For the second time in less than a month, students have done a Nazi salute in front of classmates in Toronto.
In the latest incident, at Valley Park Middle School on Overlea Boulevard in the Flemingdon Park neighbourhood, two students did the Hitler salute—and one yelled “Heil Hitler”—at a French teacher who is Jewish and the daughter of Holocaust survivors, said Shari Schwartz-Maltz, spokesperson for the Toronto District School Board and chair of the Jewish Heritage Committee.
“It’s so incredible hurtful, she’s pretty traumatized,” Schwartz-Maltz said. “We’ve now had two instances of the ‘Heil Hitler’ salute. This one was particularly hurtful.”
A few weeks prior to the incident, which occurred on Feb. 17, swastikas were found scrawled in the boys’ change room.
Swastikas and other antisemitic graffiti are reported in schools about twice a week, Schwartz-Maltz said.
Earlier this month, at Charles H. Best Junior Middle School a Grade 8 student was targeted with a Nazi salute.
Meanwhile, at Ledbury Park Elementary and Middle School, a teacher likened COVID vaccination passports to Jews being forced to wear the yellow star during the Holocaust. The teacher has been removed from the school, pending an investigation.
The incidents have led Friends of Simon Wiesenthal Centre for Holocaust Studies (FSWC) to call for “emergency action.”
“Clearly something is broken in Toronto’s public school system and requires immediate attention,” Michael Levitt, CEO of FSWC, said in a statement.
“We are calling for an emergency intervention by the board to address this wave of antisemitism that we see playing out within the student body that will proactively address the hateful stereotypes and misinformation that exist and send a strong message that Jew-hatred will simply not be tolerated within our school.”
The incidents are indicative of a long history of problems at the TDSB, Jaime Kirzner-Roberts, director of policy at FSWC, said in an interview.
“There has been a permissiveness towards very problematic comments and a dismissal of antisemitism that’s gone on for a long time at the board. And now they have a crisis on their hands,” she said. “Now it’s at the point where Jewish teachers are afraid to go to school.”
Valley Park Middle School is across the street from Marc Garneau Collegiate, where students demonstrated in November, chanting “From the River to the Sea, Palestine will be Free.”
“This was supported and enabled by employees of the board,” Kirzner-Roberts noted.
The incidents at Valley Park are “absolutely outrageous and unacceptable,” Noah Shack, vice-president, GTA, of the Centre for Israel and Jewish Affairs, said in a statement. “We appreciate the clear and immediate response of Valley Park MS principal George Bartzis and the steps taken by the TDSB to address the situation. However, the frequency of antisemitism in Toronto schools underscores the need for proactive measures. “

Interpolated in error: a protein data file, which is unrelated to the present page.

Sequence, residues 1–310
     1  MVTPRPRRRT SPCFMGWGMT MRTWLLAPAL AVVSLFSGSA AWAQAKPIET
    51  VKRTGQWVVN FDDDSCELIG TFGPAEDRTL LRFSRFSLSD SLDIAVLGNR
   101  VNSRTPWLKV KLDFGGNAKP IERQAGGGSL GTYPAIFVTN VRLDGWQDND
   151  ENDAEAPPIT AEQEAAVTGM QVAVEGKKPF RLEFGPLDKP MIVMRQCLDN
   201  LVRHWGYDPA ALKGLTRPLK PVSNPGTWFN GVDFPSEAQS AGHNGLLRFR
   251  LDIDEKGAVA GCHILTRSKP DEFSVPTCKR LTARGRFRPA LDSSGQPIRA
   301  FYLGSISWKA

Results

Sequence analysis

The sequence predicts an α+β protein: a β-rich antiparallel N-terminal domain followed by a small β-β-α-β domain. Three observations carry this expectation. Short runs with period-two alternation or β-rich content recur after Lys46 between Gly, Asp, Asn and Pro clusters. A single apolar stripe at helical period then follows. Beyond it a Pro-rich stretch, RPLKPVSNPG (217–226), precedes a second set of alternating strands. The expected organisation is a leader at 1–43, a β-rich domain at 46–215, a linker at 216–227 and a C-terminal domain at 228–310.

In a letter sent home to parents Feb. 17, Bartzis said the school will be participating in a presentation next month hosted by Carrying Holocaust Testimony where students “will continue to learn the history and lessons of the Holocaust through meaningful, first-hand testimonials from survivors and their descendants.”
“We are consulting with TDSB equity advisors and other central staff to establish new strategies and tools for addressing antisemitism,” Bartzis wrote to parents.
Holocaust education is not mandated in Ontario until Grade 10, although many teachers introduce it in earlier grades, said Schwartz-Maltz.
The Jewish Heritage Committee has provided board-wide programming every International Holocaust Remembrance Day, Jan. 27, as well as programming during Jewish Heritage Month in May, she said.
“The need for even more education and not just responding every time there’s an incident of antisemitism, but proactively, is there. It’s quite evident,” she said. “There’s no question that those at the top of the board agree and that’s what we’re going to do.”
The TDSB has been working with Michelle Glied-Goldstein, the daughter of Holocaust survivors and founder of Carrying Holocaust Testimony, who tells her father’s story through videos and pictures. She had presented to 30 or 40 schools so far, and reached hundreds of students.
Glied-Goldstein’s father was 13, when he was sent to Auschwitz, the same age as many of the students she speaks with, and students can relate to her story about her father’s life, Schwartz-Maltz said.
“We’re all really uncomfortable with what we’re seeing out there,” with incidents of antisemitism increasing, Schwartz-Maltz said. “Senior management has said to me… we need to do more.”